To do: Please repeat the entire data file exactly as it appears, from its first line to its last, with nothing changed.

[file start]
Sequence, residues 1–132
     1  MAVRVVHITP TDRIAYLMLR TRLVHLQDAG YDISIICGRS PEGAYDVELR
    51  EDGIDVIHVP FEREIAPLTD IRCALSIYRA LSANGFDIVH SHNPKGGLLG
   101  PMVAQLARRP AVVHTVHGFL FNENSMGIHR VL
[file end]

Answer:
Sequence, residues 1–132
     1  MAVRVVHITP TDRIAYLMLR TRLVHLQDAG YDISIICGRS PEGAYDVELR
    51  EDGIDVIHVP FEREIAPLTD IRCALSIYRA LSANGFDIVH SHNPKGGLLG
   101  PMVAQLARRP AVVHTVHGFL FNENSMGIHR VL